Members noted that the favourable financing conditions for non-financial corporations had supported corporate bond issuance. Although business credit growth had declined over recent months, growth in total business debt had remained little changed. Meanwhile, yields on residential mortgage-backed securities had also been at low levels and issuance by non-banks in this market had increased significantly in the June quarter, to levels not seen since prior to the global financial crisis.
Members noted that most lenders had passed on the 25 basis points reduction in the cash rate in June to mortgage rates. Business borrowing rates had declined in line with the decline in BBSW. Members also noted that the reduction in the cash rate had been passed through to many retail deposit rates, although some of these rates were already very low.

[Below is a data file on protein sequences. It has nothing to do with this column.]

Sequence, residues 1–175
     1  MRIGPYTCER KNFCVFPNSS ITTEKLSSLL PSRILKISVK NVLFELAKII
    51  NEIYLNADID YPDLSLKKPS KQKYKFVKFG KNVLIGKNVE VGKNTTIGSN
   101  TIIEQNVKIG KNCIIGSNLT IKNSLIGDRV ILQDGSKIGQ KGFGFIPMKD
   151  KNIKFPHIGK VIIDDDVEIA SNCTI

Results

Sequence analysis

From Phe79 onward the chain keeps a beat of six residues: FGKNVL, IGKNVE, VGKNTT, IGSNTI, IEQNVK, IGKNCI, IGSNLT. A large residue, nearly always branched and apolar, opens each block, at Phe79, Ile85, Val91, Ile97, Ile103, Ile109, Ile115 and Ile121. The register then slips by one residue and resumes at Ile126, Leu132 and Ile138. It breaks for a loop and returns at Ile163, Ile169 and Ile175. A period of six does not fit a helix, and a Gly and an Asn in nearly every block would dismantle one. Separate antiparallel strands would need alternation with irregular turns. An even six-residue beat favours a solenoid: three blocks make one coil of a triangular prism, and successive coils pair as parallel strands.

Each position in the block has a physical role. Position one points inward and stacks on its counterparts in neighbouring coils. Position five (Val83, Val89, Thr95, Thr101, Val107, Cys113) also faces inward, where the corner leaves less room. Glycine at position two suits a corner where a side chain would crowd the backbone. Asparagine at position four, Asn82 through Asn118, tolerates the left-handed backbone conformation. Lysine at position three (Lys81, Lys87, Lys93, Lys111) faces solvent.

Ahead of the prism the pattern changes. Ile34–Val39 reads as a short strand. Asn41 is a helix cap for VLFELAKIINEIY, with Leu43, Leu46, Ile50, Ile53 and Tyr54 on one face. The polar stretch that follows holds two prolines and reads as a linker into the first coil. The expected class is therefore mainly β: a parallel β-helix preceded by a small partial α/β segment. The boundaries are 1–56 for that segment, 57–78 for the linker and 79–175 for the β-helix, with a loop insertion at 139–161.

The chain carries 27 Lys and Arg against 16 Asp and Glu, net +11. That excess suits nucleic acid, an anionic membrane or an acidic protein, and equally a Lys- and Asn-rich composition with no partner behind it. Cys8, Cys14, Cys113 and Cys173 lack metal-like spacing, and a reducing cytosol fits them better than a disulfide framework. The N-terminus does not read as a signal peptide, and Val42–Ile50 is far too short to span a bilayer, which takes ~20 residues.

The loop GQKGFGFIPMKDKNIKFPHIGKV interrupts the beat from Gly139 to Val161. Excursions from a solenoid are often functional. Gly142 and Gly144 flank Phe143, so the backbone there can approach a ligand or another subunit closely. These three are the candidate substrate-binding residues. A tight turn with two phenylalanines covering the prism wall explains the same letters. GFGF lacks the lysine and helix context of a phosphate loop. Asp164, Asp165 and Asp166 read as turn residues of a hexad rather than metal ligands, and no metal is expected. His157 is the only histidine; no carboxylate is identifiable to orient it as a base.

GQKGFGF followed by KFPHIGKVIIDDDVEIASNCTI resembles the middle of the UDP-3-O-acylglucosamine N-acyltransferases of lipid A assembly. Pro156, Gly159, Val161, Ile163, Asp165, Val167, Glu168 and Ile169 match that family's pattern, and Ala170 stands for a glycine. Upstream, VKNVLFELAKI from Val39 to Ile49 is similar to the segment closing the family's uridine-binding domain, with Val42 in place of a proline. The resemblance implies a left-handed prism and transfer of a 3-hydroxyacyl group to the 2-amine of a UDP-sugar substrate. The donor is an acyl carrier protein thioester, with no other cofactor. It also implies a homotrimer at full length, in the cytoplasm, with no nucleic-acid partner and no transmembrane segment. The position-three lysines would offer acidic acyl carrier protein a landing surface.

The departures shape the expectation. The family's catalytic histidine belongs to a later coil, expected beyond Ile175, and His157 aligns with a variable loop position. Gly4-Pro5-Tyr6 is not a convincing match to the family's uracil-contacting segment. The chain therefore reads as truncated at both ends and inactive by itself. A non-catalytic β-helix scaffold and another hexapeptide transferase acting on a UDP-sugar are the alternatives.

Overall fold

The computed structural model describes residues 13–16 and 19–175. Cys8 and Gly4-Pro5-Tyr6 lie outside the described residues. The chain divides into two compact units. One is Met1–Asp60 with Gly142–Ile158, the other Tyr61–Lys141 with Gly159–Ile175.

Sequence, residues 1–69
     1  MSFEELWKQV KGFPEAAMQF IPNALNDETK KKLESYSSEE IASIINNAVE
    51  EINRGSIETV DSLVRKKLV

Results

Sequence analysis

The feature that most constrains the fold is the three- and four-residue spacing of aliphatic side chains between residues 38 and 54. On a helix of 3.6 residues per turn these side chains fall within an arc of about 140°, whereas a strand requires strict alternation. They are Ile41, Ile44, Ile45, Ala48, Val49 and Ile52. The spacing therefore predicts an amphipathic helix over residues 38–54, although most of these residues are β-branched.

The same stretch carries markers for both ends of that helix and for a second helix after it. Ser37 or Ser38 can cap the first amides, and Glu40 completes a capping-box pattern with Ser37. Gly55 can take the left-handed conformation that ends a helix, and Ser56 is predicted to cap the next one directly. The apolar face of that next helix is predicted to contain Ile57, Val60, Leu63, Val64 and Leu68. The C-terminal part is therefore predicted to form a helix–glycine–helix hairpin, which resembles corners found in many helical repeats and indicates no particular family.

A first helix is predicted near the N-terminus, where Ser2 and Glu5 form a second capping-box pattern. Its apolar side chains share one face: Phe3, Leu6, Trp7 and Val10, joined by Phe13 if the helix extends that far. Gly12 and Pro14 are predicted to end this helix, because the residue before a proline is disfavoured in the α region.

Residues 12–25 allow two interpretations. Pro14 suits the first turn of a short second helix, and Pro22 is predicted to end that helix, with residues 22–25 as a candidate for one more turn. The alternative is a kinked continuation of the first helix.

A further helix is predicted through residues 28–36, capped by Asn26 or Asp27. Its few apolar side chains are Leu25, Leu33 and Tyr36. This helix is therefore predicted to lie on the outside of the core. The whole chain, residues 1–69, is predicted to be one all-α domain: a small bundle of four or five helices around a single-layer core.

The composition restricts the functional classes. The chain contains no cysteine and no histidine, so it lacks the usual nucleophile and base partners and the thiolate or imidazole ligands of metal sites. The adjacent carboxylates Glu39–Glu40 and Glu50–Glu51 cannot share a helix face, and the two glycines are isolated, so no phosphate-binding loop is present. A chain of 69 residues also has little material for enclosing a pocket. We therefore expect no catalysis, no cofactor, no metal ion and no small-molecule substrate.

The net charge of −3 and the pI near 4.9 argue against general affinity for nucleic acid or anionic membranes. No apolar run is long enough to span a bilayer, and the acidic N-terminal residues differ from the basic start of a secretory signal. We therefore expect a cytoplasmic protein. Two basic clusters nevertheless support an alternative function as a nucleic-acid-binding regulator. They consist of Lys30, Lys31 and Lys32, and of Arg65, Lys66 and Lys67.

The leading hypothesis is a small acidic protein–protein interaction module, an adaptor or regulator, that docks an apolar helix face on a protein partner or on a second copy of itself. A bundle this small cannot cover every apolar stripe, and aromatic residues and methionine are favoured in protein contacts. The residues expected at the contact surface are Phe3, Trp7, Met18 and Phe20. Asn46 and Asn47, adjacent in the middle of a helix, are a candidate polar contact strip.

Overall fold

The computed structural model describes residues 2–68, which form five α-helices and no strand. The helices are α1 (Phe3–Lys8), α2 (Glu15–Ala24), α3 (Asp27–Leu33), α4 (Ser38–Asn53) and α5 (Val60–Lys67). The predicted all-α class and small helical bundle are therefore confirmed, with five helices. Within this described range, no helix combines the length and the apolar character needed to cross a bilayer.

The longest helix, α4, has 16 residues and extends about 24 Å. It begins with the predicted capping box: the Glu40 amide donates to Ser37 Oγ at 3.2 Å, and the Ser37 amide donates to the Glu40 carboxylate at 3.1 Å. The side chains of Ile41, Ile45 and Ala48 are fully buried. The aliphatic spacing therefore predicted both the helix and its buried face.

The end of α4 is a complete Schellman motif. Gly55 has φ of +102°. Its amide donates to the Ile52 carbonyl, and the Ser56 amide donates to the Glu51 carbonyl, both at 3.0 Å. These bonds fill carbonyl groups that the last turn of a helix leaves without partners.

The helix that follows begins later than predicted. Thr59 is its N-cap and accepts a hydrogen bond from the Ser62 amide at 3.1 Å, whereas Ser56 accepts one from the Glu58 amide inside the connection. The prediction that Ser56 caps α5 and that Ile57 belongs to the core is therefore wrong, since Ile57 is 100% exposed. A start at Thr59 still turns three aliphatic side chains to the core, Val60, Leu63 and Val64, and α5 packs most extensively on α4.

Market pricing implied that further monetary policy easing was expected following recent data and the Bank’s communication since the previous meeting. A 25 basis points reduction in the cash rate had been fully priced in by August 2019, with a further easing expected by the end of the year.
Considerations for Monetary Policy
Members observed that the outlook for the global economy remained reasonable, although the risks from the international trade and technology disputes remained high. Growth in trade had remained weak and there had been further signs that heightened uncertainty was affecting investment decisions. Despite tight labour markets and rising wages growth, inflation had generally remained low in the advanced economies. Both the trade-related downside risks to global growth and ongoing subdued inflation had spurred an increased expectation that major central banks would ease monetary policy. This had reinforced already very accommodative conditions in global financial markets.